Football 2 years ago

Why we need Wellington in the A-League

  • Why we need Wellington in the A-League

News broke yesterday that A-League club Wellington Phoenix had a bid for a ten-year licence denied, putting the club's immediate future in doubt. From an Australian point-of-view, here's why Wellington Phoenix offers more to the league than just a token New Zealand position.

For all of the rivalry shared between Australia and New Zealand, the inclusion of Wellington Phoenix in the A-League has shown a rare example of unity between the countries. As a nation who, on political and ethical levels are still learning to fully accept multiculturalism, there has been a national acceptance of our neighbours in the league. This is the case in the NRL as well, offering the New Zealand clubs the opportunity to play in a more competitive environment and develop their squads. 

Before any of us start waving our arms about how much of a charity Australia has granted, remember we are part of the Asian Football Confederation, despite not technically being part of Asia...

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The only contention surrounding Wellington Phoenix has been their eligibility for the Asian Champions League. When Australia was nationally integrated into the Asian Football Confederation, New Zealand remained part of Oceania. Even though the Phoenix are part of the Australian tournament, they are barred from entering the competition based on their geographical location.

Following the success of Western Sydney in the Asian Champions League last season and the opportunity to face competitive opposition worldwide through the FIFA Club World Cup, places in the Champions League have become a lot more elusive and a larger incentive to succeed domestically.

While the Phoenix are yet to finish a season in an ACL position (though they came mighty close last season), it is an issue fans have been calling to be addressed. Even if Wellington were classed as an Australian team, there are then discrepancies around the foreign player cap, as the majority of the club’s players are Kiwi, therefore considered foreign.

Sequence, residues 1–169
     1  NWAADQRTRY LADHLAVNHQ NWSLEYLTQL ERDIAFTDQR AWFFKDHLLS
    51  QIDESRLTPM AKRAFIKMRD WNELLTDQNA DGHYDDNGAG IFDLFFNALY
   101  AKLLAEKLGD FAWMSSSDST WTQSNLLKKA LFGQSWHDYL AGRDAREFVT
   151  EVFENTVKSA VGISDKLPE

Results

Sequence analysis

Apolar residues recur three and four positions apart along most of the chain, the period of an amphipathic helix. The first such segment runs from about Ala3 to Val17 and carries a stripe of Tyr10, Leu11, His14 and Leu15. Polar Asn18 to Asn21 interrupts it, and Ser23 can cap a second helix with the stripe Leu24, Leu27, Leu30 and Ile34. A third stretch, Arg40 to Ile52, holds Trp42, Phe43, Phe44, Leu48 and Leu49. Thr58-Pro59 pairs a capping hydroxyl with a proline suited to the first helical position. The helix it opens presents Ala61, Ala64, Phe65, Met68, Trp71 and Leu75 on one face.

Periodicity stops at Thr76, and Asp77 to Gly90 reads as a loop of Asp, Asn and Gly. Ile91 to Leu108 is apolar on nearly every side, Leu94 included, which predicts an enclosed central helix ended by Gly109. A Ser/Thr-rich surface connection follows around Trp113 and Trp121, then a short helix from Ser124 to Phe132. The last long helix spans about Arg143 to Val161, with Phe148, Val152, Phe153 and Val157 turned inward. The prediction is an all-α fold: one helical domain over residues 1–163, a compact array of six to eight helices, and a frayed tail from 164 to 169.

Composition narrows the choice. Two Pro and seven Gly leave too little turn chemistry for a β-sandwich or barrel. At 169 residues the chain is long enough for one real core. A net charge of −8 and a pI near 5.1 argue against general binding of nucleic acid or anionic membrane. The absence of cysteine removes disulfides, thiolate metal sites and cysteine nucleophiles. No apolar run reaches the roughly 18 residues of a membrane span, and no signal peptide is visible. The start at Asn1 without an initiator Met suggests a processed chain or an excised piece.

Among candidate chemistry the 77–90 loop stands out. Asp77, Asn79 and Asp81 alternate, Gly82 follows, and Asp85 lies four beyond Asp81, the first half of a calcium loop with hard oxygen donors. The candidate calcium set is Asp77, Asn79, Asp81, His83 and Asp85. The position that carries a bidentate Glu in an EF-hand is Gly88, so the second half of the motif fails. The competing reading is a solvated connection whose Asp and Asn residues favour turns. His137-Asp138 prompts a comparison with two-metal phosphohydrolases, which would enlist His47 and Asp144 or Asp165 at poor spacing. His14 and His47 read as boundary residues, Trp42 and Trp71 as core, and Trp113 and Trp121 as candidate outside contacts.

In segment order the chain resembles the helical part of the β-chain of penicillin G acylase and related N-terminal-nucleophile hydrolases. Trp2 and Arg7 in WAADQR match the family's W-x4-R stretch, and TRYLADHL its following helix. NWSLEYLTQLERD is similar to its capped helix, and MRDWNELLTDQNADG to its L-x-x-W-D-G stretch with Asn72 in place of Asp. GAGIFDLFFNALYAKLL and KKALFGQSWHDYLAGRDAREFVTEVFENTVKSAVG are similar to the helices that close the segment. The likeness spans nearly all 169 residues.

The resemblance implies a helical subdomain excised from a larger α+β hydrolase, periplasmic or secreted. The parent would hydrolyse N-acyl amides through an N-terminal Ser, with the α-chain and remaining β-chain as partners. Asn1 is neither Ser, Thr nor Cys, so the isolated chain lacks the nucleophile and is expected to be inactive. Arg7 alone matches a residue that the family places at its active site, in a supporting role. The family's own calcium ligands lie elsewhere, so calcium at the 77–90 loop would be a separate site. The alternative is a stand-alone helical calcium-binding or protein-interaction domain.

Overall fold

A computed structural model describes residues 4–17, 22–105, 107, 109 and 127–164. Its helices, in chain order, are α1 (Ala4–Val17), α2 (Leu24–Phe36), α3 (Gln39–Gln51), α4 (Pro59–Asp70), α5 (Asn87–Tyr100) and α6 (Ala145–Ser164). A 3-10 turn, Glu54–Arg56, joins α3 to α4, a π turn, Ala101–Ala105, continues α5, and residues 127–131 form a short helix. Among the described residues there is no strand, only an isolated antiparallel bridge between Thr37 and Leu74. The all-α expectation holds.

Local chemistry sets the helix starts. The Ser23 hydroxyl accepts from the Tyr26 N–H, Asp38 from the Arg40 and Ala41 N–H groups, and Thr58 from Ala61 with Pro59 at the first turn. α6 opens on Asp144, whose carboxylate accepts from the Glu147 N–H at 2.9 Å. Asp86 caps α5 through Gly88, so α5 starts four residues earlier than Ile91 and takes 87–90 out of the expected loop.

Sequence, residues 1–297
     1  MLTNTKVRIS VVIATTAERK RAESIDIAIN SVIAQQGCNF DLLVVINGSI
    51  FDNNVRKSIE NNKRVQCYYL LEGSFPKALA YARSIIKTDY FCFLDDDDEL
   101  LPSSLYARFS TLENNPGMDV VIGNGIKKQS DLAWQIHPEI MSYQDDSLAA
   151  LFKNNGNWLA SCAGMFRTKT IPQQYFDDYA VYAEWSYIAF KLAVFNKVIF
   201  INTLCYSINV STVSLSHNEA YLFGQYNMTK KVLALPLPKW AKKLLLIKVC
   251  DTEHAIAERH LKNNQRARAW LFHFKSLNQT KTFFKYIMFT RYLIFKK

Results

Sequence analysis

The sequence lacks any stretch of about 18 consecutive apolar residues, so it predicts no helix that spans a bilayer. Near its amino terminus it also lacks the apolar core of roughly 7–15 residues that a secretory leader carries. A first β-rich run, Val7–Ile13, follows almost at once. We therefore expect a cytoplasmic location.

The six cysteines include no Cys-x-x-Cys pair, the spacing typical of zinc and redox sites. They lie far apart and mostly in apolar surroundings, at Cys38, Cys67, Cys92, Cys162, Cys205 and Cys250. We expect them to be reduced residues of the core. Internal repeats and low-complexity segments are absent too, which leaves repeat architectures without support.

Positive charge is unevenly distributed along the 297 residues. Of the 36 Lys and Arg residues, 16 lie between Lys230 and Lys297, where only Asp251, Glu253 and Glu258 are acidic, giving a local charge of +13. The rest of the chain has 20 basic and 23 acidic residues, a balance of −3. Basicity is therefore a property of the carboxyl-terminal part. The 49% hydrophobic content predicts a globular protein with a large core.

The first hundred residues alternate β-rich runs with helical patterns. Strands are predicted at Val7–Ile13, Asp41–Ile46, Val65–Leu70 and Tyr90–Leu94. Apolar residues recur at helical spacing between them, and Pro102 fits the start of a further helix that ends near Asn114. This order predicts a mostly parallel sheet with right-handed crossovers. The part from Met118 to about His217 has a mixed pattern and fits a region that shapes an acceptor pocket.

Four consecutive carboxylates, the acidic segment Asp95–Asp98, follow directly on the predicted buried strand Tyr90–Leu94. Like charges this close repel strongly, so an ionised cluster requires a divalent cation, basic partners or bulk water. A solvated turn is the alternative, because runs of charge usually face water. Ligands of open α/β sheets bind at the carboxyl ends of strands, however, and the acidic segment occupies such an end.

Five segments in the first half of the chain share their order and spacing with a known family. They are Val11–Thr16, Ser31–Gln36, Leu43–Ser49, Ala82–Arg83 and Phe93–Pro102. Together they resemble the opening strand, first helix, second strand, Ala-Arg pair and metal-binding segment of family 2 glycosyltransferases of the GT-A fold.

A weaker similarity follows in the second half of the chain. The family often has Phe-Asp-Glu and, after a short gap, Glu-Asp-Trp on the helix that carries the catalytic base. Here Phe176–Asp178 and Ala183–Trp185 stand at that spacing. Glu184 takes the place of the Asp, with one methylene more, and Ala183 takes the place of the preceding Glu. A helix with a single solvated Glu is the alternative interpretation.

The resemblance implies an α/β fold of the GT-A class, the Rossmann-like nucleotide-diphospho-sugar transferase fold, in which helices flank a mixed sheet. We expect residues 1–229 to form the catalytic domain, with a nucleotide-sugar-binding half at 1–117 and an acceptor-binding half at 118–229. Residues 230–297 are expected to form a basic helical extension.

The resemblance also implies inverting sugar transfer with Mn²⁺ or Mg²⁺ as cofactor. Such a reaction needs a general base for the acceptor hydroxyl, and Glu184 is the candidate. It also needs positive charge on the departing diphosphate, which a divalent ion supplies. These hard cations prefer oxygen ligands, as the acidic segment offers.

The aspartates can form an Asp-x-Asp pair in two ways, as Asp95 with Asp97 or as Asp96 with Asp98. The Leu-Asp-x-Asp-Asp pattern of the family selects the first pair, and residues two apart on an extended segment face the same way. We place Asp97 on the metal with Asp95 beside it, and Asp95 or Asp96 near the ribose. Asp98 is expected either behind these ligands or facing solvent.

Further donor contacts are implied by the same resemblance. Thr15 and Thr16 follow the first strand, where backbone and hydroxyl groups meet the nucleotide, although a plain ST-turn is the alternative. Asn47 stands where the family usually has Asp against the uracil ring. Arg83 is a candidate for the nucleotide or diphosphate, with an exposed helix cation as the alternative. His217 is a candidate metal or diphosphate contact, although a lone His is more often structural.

Being part of an Australian competition also means Wellington are inapplicable for qualification into the Oceanic Champions League, leaving the club with no direct route to the FIFA Club World Cup and other financial opportunities. Not only does this stifle the ambitions of the club’s owners and directors, but disheartens the loyal fans.

Should the Phoenix be disbanded and another NZ club not take its place, it is highly unlikely that any New Zealand football fans in Wellington will continue to follow the A-League. New Zealand have its own national competition: the New Zealand Football Championship. This unfortunately does not have the same level of coverage and support as the A-League and until recently wasn’t acknowledged on an international scale.

The most coveted of the New Zealand teams, Auckland City put is name on the map in 2015. After clinching the New Zealand Football Championship and Oceanic Champions League, the club stunning the world by reaching the semi-final of the FIFA Club World Cup. This achievement and the famous ‘undefeated’ 2010 World Cup campaign for the national side has at least temporarily inspired a country whose sporting population is dominated by fans of other sports, namely Rugby Union.

Unfortunately, this has never translated into interest in the Wellington Phoenix in terms of active crowd participation. Home crowd attendance in Wellington has never been a particularly flattering aspect. Last season, the Nix averaged just 8,695 attendees over the season, the second worst in the league behind Central Coast (as per aleaguestats.com), although the fans should be commended for their commitment to taking off various items of clothing during the match, despite the subarctic temperatures.

The loss of Wellington Phoenix would be a blow to the A-League. Despite being an inconvenience to Australian clubs and fans at times, it is an indication of how widespread the A-League catchment is and how inclusive Australian sport has become; a testament to the values of the World Game itself. Players and fans have previously complained about the inability to go to Wellington and pick up points, but doesn’t that add an element to the sport? After all, English fans have adopted Stoke in the same light.

Could they do it on a cold rainy night in Wellington? Let’s hope we get the chance to find out in the coming seasons. 

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